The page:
David Murphy was moved to the No. 2 spot in the lineup to help get his bat going. He delivered with a three-run homer in the sixth inning.
That's what baseball does sometimes.
And Murphy, whose three-run home run gave the Rangers an 8-7 lead in the bottom of the sixth -- after the Rangers had lost a one-run advantage in the top of the inning -- provided the game-changing moment the Rangers needed.
"We feel like we can do what we have to do," Ross said after running his career record to 8-0. "Our offense kept us in there. Murphy's home run was huge."
Yes, it was. The Rangers had just lost a 5-4 lead in the top of the sixth when manager Ron Washington picked the lesser of two evils, pitching to Fielder with the bases loaded and two outs, rather than facing Cabrera, who already had two homers off starter Derek Holland.
Washington chose to intentionally walk Cabrera, matching up Fielder against left-handed reliever Michael Kirkman. Fielder scalded a three-run double for a 7-5 lead.
"That 3-4 is as good as it gets," Washington said of the Cabrera-Fielder tag team. "Fielder had been struggling in the series, but once he was challenged, you saw what he did."
The Rangers needed an answer, and Murphy delivered. Murphy was moved into the 2-hole Saturday with Ian Kinsler on the disabled list and Elvis Andrus going into the leadoff spot. The goal? Try to get Murphy's bat going. Washington explained why, noting it was a must to make Murphy a factor and maybe it could be done by getting him more involved in the game and letting him hit in the first inning.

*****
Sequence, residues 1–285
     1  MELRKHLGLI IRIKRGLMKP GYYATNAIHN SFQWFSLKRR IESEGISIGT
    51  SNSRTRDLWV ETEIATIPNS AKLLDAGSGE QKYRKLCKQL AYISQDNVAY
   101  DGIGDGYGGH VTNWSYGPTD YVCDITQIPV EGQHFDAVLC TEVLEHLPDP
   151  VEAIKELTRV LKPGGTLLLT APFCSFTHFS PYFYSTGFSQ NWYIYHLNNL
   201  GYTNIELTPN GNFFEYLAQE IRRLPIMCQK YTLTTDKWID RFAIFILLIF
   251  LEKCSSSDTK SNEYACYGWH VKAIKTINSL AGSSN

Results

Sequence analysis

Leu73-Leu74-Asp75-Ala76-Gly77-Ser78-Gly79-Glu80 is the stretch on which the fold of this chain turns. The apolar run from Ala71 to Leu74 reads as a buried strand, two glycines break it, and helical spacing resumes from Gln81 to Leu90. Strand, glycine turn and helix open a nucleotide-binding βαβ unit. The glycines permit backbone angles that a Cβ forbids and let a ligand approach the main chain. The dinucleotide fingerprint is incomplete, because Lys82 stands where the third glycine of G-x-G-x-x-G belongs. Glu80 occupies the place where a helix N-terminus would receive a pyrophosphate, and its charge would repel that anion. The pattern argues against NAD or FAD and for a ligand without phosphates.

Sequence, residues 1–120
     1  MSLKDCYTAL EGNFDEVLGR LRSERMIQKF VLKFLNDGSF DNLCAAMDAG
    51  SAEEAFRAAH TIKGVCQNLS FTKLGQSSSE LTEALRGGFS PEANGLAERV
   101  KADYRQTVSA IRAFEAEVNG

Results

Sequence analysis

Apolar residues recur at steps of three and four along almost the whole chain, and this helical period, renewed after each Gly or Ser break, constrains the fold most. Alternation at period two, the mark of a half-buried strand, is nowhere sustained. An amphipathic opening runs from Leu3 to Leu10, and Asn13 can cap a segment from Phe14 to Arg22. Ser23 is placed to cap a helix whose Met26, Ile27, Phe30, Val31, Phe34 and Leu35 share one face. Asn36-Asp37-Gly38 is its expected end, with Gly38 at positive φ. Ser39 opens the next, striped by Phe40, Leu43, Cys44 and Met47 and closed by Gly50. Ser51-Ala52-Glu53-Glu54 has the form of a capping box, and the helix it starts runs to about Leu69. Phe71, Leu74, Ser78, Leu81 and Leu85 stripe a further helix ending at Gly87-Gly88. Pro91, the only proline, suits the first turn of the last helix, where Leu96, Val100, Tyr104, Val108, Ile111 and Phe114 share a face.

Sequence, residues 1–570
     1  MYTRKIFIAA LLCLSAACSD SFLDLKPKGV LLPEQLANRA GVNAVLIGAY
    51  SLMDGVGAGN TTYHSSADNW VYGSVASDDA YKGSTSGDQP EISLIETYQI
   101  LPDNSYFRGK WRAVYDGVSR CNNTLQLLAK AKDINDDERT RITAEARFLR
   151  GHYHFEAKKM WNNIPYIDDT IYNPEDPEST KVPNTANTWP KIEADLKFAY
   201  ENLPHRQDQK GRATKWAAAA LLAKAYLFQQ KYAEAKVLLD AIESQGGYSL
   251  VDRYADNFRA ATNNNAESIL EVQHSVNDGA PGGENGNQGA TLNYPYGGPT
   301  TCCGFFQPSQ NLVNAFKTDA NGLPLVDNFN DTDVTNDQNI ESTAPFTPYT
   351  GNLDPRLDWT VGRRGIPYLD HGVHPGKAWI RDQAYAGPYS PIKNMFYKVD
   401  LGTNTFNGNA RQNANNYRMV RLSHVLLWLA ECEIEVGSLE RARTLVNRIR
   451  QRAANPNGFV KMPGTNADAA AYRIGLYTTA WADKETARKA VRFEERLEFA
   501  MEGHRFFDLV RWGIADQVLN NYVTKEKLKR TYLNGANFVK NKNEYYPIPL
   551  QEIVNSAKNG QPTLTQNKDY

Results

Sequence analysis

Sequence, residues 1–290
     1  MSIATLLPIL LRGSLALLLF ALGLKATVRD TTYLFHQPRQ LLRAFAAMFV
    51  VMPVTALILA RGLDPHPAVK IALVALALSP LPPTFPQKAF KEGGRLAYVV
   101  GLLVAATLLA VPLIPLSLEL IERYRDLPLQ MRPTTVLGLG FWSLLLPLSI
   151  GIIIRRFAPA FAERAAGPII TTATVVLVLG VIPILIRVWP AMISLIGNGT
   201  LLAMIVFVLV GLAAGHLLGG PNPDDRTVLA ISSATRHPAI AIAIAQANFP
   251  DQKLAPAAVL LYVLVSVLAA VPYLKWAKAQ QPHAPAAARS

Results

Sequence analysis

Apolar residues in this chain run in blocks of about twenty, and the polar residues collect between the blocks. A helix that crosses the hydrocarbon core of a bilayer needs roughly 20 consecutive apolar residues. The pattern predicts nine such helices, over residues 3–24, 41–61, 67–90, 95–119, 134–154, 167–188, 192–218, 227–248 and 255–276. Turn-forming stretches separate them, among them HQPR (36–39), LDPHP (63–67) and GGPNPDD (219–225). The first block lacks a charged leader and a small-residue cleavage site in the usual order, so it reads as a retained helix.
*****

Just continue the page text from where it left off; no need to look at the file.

"The bottom line is David has to get it going," Washington said. "Because if there's anything we could do, it would have gotten done. It actually falls in David's hands."
It was in his hands in the sixth inning. Murphy said Saturday that his favorite spot to hit in the lineup is second -- he did it in college at Baylor -- for the very reasons Washington mentioned.
Murphy was looking for a fastball with a 3-2 count against Tigers reliever Jose Ortega -- most hitters do. He hammered the inside fastball into the right-field seats for an 8-7 lead.
Murphy was pretty sure he got enough of the pitch to get it out.
"I lost it for a second," Murphy said. "I had to find it. I felt like I got enough of it that hopefully it was going to go out of the park."
Murphy could be turning a corner. He finished 2-for-3 with four RBIs, including an insurance run on a sacrifice fly in the seventh inning for a 10-7 lead. Six of his past 11 hits are for extra bases (three doubles and three homers). He is batting .325 over the past two weeks.
Murphy's winning home run could be the latest evidence that he is getting hot.
"It's always a good sign when you hit a home run," Murphy said. "I don't think you can take a bad swing and hit a home run."